For instance, the Memphis Barbecue series by Riley Adams (AKA Elizabeth Spann Craig) features interesting, even quirky characters. There's Lulu Taylor, who owns Aunt Pat's Barbecue, one of Memphis' most popular barbecue restaurants. She herself is an interesting character. The members of her family, and the "regulars" at the restaurant are also interesting and lively. For example, in Delicious and Suspicious, we meet a group of volunteers at Graceland, the home of Elvis Presley. Nicknamed The Graces, they're varied, quirky and lively. The Taylor family and the "regulars" get caught up in a murder investigation when Rebecca Adrian, a scout for the Cooking Channel, is poisoned after eating a meal at Aunt Pat's. Lulu Taylor wants to salvage her restaurant's (and her family's) reputation, so she decides to find out who killed Adrian. Besides the mystery, the characters and the Beale Street, Memphis setting are also strong elements in this novel.

The Police Procedural

Police procedural fans enjoy the details of a police investigation. They don't mind grit and gore as long as it's not gratuitous, and they generally like complex characters. They prefer real-life, authentic portraits of police work and they are not impressed with "magical" solutions to the case that's the focus of the novel. They prefer the pieces to come together in a realistic way.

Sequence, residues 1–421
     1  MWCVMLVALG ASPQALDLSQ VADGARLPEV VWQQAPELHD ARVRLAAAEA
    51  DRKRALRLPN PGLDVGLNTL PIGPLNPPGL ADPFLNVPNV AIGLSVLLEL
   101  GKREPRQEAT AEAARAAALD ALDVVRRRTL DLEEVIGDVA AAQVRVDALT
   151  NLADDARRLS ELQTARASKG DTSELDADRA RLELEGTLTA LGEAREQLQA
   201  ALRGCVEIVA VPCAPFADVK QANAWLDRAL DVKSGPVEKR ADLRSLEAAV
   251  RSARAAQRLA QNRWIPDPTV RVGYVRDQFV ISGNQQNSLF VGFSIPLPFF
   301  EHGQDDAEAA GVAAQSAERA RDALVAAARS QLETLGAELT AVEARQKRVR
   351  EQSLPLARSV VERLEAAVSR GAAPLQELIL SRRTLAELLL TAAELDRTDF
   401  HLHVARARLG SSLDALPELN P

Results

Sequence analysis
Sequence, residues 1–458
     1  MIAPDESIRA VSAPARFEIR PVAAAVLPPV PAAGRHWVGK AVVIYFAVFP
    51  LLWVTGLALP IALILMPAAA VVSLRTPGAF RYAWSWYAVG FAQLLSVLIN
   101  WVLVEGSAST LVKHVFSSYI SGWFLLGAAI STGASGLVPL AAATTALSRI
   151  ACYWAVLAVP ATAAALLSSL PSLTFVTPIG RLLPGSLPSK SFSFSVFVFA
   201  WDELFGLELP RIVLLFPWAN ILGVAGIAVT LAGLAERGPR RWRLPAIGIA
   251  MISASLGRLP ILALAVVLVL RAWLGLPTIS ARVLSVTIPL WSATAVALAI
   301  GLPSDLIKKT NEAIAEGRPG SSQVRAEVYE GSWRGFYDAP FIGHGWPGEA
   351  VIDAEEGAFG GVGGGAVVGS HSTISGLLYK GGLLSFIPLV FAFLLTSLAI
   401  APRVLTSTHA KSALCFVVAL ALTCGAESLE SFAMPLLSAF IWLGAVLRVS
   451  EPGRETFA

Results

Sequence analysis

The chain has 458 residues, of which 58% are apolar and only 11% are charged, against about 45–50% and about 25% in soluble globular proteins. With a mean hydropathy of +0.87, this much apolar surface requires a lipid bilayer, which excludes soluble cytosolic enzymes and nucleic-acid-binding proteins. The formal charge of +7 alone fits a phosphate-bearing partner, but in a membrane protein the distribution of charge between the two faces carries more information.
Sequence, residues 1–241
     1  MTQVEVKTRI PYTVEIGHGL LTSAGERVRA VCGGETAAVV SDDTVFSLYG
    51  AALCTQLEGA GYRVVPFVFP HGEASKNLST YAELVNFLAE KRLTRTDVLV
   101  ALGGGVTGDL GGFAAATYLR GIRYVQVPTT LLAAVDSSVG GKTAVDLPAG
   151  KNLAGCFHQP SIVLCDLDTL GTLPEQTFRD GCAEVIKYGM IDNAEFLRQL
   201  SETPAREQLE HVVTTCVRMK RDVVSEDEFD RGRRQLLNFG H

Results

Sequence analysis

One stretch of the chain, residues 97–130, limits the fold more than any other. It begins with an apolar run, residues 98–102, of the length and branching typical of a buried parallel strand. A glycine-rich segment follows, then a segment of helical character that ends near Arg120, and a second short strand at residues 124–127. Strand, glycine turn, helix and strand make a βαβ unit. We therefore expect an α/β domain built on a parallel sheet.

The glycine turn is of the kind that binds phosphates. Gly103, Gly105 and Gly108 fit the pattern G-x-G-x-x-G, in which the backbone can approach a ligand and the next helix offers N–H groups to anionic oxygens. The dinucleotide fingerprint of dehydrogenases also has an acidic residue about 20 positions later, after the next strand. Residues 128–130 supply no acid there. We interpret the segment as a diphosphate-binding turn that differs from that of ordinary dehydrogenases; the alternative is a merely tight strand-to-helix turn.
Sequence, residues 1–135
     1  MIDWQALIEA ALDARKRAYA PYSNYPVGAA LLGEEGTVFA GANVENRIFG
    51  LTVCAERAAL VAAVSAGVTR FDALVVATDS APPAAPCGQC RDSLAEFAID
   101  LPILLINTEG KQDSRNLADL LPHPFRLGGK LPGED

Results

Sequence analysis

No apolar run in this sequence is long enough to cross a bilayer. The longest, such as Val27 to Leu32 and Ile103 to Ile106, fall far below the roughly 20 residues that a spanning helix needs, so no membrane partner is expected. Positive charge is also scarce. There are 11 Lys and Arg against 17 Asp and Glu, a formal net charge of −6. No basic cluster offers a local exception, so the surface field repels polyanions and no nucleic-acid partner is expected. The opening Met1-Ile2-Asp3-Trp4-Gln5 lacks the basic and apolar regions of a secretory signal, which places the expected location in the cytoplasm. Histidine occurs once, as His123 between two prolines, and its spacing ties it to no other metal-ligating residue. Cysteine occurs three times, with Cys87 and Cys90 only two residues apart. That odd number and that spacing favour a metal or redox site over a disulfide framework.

There are a lot of well-regarded police procedural series, so I'm not being fair at all by using just a few as examples. However, Henning Mankell's Kurt Wallander series and Andrea Camilleri's Salvo Montalbano series demonstrate the kind of focus on complex characters and the details of an investigation that police procedural fans like. What's interesting about these two particular series is that they're quite different. Mankell and Camilleri have different writing styles and focus on different things. However, in both series, we follow the police as they make their investigations. We see how cases are solved by police teamwork and not by one person's brilliant deductions. Fans of those series see the characters evolve, and both series have a sense of realism about them.

It's not doing real justice to the sub-genre to include the forensics procedural in this category, but in some ways, it's quite similar to the police procedural. Fans of forensics procedurals also like the details of an investigation. They like their characters complex, their cases solved in realistic ways by hard work and team effort, and like fans of police procedurals, they don't mind grit if it is important to the plot.

The Thriller